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Child care support needed

As our country begins to reopen and return to what feels more like ‘normal,’ parents will again be relying on child care as they return to in-person work.

It is good, then, to get confirmation Ohio lawmakers understand the importance of child care. According to the Ohio Capital Journal, leaders of child care facilities and advocates were worried about the fate of Step Up to Quality, as a Senate revision of the budget noted elimination of the state’s standard-monitoring system and ranking method for licensed child care programs was coming. It was saved in the final budget revision Gov. Mike DeWine signed.

That budget also widened financial eligibility for publicly funded child care in the state, including for special needs children. That is good news and will help many working families, but as Shannon Jones of Groundwork Ohio noted, “the increase is modest and still leaves Ohio behind other states.”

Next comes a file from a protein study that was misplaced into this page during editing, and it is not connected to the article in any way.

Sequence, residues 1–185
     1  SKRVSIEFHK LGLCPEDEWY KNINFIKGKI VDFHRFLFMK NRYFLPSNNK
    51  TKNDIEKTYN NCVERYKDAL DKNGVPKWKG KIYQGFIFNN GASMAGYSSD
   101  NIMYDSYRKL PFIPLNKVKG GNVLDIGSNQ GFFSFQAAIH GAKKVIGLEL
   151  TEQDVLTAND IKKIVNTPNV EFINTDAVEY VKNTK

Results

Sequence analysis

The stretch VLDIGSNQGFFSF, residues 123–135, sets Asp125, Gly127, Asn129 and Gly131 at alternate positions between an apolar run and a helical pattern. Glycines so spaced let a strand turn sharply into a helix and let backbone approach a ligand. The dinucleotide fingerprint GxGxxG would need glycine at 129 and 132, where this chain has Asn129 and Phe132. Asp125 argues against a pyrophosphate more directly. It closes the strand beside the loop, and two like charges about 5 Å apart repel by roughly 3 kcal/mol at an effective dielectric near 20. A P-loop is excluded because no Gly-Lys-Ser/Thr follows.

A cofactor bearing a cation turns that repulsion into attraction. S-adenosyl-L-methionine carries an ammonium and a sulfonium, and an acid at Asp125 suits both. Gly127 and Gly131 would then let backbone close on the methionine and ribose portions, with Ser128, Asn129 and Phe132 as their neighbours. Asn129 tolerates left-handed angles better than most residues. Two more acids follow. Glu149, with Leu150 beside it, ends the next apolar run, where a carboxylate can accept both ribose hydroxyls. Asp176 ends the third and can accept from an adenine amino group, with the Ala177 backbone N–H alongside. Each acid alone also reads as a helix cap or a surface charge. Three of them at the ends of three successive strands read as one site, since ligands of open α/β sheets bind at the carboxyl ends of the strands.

According to the Ohio Capital Journal, the state earmarked $50 million in 2022 for publicly funded child care, requiring these funds be used to “assist with stabilizing and sustaining the child care program, improve workforce recruitment and retention and increase access for families.” If working families are on the minds of Buckeye State lawmakers, surely they know there is more they can do.

Of course, lawmakers must have evidence the efforts they fund are bearing fruit — simply throwing money at a problem has never gotten us anywhere. But as long as they do so in a manner that uses tax dollars responsibly, it is important they keep looking for ways to support Ohio’s kids by supporting their parents.

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